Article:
Moving can be murder, don’t you think? If it isn’t one thing (transporting all of your possessions in boxes across a long distance) it’s another (unpacking said boxes!) After nearly a week of relentless redistribution of my estate, I needed a break. Furthermore, I was itching to uncover the natural splendor of Rochester. Sure, I’ve been to Montezuma NWR plenty of times and even dabbled in local patches like Irondequoit Bay, but on those occasions, I was just passing through. Now that this is my home, I need to move this birding relationship to the next level.

Say it with a Song

Of course, July is a tricky time to assess the avifauna in any given area, given that most ecosystems are down to just resident breeders. Usually this means the same old same old birds and hot weather to boot. Mendon Ponds, however, is a local park well-respected for its natural splendor. This may well be my year-round go-to spot so it deserved to be first on my list. The prospect of new birds like Virginia Rail and Least Bittern didn’t hurt either!

My first impression of Mendon Ponds is highly favorable. This place is not only beautiful but birdy! Seth and I took Hopkins Point Road to the Hundred Acre Pond and walked south along the rather sloppy horse trail. While we didn’t see any species out of the ordinary, the anticipated birds were excellent. Common Yellowthroats were never more aptly names, with scores of adults and juveniles showing off their buttery chins. American Redstarts and Yellow Warblers rounded out the day’s wood-warblers while Song, Chipping, and chattering Swamp represented the sparrows. And while both Baltimore Oriole and Common Grackle were easy to find, the ambassador icterid was most certainly Red-winged Blackbird.

Finding blackbirds is no challenge at Mendon Ponds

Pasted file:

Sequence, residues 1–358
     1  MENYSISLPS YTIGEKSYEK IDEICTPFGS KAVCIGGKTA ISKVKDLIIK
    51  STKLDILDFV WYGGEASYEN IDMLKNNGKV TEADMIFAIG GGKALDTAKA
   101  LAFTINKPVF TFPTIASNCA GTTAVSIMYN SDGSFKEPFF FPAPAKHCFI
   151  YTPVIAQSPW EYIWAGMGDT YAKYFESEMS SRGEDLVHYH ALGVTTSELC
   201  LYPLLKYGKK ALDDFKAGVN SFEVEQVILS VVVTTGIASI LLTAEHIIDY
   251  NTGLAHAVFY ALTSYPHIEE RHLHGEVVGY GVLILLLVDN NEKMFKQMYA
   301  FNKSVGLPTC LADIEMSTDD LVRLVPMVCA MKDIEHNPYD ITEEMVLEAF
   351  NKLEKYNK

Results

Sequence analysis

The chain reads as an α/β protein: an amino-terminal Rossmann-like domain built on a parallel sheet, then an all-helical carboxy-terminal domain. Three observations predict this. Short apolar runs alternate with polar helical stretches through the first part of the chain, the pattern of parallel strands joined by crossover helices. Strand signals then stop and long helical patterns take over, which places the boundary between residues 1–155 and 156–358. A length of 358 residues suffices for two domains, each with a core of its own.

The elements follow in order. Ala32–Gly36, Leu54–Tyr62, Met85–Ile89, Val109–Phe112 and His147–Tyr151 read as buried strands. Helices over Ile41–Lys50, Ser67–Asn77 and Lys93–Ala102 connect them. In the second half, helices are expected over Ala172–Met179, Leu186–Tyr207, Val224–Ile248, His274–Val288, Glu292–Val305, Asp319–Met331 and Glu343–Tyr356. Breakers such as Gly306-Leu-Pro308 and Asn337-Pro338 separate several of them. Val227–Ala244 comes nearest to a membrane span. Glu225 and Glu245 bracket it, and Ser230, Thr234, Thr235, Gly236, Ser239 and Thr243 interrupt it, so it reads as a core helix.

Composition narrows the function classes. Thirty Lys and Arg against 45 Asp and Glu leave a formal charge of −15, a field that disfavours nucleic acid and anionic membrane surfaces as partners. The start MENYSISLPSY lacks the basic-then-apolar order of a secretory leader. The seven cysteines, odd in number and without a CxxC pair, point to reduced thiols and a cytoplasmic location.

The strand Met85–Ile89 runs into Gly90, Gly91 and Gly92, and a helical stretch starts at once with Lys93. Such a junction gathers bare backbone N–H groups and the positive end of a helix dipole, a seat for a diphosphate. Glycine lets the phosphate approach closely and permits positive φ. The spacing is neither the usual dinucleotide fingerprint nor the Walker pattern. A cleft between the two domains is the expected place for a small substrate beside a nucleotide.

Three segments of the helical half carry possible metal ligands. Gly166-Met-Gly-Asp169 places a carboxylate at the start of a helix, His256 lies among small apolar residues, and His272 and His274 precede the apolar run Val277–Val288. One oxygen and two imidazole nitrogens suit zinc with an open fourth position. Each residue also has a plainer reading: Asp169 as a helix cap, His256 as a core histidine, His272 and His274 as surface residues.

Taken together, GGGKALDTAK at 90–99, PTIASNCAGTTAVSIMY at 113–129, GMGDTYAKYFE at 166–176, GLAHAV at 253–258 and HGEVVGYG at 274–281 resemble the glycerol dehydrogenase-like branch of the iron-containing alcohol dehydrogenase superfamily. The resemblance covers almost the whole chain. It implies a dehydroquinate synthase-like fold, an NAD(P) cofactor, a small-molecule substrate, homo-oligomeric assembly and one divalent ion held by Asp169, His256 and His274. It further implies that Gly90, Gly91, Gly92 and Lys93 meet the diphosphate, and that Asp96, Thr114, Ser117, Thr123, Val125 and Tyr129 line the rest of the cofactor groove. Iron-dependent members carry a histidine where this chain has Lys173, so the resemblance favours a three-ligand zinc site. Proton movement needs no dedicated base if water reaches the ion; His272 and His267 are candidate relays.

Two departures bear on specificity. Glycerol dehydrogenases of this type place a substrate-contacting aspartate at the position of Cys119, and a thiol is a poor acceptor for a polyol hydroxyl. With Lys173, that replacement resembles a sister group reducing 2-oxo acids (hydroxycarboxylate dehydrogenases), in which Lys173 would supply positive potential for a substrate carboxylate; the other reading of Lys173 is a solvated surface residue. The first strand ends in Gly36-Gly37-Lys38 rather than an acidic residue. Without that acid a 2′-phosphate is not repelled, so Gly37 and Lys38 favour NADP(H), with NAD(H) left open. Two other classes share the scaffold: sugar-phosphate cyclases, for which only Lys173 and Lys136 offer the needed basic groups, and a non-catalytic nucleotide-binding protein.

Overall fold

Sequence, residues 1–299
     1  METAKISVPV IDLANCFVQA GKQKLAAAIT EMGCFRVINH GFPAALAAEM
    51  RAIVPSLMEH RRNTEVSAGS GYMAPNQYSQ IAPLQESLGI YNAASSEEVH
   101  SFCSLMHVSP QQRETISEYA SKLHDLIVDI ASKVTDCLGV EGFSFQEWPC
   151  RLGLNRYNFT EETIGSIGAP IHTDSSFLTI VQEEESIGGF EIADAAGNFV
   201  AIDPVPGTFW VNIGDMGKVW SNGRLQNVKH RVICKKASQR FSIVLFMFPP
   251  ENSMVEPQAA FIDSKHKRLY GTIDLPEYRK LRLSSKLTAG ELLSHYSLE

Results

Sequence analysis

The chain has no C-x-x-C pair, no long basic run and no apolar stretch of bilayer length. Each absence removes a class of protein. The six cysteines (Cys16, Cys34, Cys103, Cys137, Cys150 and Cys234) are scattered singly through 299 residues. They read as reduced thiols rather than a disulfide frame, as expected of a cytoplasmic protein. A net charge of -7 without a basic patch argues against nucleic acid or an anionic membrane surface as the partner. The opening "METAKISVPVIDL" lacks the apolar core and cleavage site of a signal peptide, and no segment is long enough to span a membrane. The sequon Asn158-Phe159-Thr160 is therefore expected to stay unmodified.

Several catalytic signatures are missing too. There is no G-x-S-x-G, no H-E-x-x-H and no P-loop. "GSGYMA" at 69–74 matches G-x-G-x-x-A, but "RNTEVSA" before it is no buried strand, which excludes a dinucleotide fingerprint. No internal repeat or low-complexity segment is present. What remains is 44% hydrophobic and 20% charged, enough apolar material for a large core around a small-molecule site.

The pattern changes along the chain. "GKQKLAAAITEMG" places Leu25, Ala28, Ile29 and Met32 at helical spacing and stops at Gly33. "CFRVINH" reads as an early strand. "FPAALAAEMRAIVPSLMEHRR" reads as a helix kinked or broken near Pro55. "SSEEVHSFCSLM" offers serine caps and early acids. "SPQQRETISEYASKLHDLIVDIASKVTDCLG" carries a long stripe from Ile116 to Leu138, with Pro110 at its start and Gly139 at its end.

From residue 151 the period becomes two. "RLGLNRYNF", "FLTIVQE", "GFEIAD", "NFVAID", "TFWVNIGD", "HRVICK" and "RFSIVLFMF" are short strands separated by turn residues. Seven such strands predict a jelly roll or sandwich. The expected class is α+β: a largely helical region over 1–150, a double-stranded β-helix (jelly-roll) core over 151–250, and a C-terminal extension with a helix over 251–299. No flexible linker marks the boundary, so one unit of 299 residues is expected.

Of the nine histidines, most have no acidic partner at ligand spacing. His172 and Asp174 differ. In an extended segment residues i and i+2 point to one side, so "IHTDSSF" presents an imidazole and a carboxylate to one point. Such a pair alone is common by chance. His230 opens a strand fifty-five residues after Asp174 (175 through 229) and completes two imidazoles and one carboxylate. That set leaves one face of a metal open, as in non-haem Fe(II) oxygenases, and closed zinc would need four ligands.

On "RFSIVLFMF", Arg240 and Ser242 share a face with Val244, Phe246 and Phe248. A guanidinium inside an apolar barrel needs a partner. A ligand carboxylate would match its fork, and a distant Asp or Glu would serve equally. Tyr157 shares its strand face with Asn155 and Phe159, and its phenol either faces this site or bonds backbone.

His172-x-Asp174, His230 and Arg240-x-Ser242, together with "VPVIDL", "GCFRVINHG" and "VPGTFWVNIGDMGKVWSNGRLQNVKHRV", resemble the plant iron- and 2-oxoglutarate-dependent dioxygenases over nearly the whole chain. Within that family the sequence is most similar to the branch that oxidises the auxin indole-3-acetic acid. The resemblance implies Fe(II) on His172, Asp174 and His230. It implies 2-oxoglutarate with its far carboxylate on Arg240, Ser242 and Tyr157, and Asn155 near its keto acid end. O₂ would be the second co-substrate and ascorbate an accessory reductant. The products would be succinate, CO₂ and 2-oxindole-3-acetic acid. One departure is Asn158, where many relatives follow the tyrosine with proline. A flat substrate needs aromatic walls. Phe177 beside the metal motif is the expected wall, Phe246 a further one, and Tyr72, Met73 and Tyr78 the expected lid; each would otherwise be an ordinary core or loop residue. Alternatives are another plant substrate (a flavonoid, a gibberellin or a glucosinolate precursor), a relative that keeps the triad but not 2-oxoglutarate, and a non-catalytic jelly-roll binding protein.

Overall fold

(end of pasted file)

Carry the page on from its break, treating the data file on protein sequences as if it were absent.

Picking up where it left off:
As I said, there were no real surprises – waxwings, chickadees, and titmice are as prosaic as they come – but that doesn’t signal a lack of interesting sightings. For example, along with Eastern Phoebes and Eastern Wood-Pewees, we noted some flycatchers catching flies in an especially acrobatic way down along the reeds between Hundred Acre Pond and Deep Pond. These brownish birds balanced on narrow blades right above the water’s surface, sometimes even hovering higher up while hawking for insects. My suspicion is that these were Willow Flycatchers but without call notes, I’m in no position to rule out Alder. Let’s call it Traill’s Flycatcher and move on!

All in all, we enjoyed a fine summer morning of birding. My introduction into the inner workings of Rochester birding was made all the more memorable by the appearance of a life bird! That’s right… while rails continue to elude me this year, a Least Bittern has finally deigned o be seen. One gangly bird, a punk rock wader if there ever was one, allowed us excellent flight looks, crossing our path not once but twice. I feel better about this move already!

The cloud to our silver lining is that one of the eyecups to my binoculars, already loose, came off completely and rolled to the depths of the pond. Well, I don’t know about depths, but I sure couldn’t retrieve it. Thus birding will be a bit more uncomfortable while I try to approximate the depth of the eyecup with my curled fingers. Now would be an ideal time for an optic sponsor to step forward!

I would be remiss if I didn’t point out how outstanding the insect watching was as well. We encountered droves of dragonflies, fully deserving their own post, along with a variety of interesting butterflies. Red Admiral was easy to identify but the following flutterer, incredibly common along the paths we traveled, was unknown to me until now. I believe this satyr-type is an Eyed Brown (Satyrodes eurydice) but might be persuaded otherwise:

Eyed Brown?

Written by Mike
Mike is a leading authority in the field of standardized test preparation, but he's also a traveler who fully expects to see every bird in the world. Besides founding 10,000 Birds in 2003, Mike has also created a number of other entertaining but now extirpated nature blog resources, particularly the Nature Blog Network and I and the Bird.